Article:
2012 Republican presidential nominee Mitt Romney has made no secret of his disgust with the state of politics in 2015. On several occasions, Romney has gone out of his way to criticize current frontrunner Donald Trump as well as the conservative uprising in Congress. Now, in a new interview with David Axelrod, Romney says the internet is partially to blame for the Republican rift.
“There was a time when we all got the news with the same facts, if you will,” Romney said on Axelrod’s podcast. “We had three networks we watched for the evening news. Most of us got newspapers. Everybody in the middle class got a newspaper, so we got the same facts whether we agreed or not with them.”
According to Romney, this was a better time. As people began to get their news from specialized internet outlets, things changed. He lamented the fact that people now are “not even getting the same facts,” failing to see things from outside their own limited viewpoint.
“And I think that divisiveness is one of the things that has led to Washington having such a hard time getting things done,” he said.
Romney makes a point. If you took a person who only got their news from a site like Slate and a person who only got their news from The Blaze, they would probably have very different views of the world. Now, most likely both of these individuals chose those news outlets because they conformed with their pre-existing beliefs, but there’s no denying the echo chamber effect.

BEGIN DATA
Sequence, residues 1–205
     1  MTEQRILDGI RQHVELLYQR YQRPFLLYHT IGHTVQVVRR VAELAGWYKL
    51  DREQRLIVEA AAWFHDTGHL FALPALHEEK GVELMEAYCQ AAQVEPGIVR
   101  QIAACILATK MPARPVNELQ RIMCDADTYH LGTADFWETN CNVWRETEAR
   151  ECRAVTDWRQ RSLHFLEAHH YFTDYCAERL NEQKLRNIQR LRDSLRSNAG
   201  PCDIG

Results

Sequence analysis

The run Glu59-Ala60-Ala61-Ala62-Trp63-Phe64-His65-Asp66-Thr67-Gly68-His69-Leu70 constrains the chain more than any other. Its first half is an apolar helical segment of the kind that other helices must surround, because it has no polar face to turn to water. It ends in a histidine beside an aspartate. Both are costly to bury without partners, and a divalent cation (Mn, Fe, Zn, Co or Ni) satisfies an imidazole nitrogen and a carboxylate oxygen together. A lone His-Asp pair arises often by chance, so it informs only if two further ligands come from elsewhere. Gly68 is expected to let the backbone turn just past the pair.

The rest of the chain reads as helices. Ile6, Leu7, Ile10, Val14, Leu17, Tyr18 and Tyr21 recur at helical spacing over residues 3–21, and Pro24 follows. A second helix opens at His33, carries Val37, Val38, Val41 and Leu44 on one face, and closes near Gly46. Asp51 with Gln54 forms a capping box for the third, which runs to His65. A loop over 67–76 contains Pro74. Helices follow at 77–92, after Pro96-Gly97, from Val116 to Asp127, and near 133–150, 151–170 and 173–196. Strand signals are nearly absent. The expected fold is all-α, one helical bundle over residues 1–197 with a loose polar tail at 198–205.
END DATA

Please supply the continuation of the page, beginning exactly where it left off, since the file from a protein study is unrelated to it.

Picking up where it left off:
To long for the days when Americans were spoonfed their news from only three centralized sources, though, is a bit much. It wasn’t extremist liberal news sites that crucified Romney for his 47% comment; it was the good old network establishment. It might ease gridlock if everyone was working from the same set of facts, but what good is that if those facts come laden with an invisible agenda?
It’s a shame these establishment types are so desperate to hang on to their Republican dominance because they’re missing out on one of the most exciting political revolutions in years. After years of apathetic complacency, conservative voters are finally excited again. At long last, we might have an election where we don’t have to grumble our way through the vote, dispensing timeless clichés like “the lesser of two evils.”
Alas, if the Romneys of the world have their way, Trump Fever will die off by the beginning of next year, Paul Ryan will ascend to the Speakership, and Mitch McConnell will hang on to his job until his last breath. The Republican Party will castrate the troublesome conservative caucuses and get back to the business of surrender. Er, compromise. All will be back to normal, and we can sit back and watch as Hillary Clinton slays Jeb Bush.
Welp, at least all of us folks in the land of new media will have something to complain about.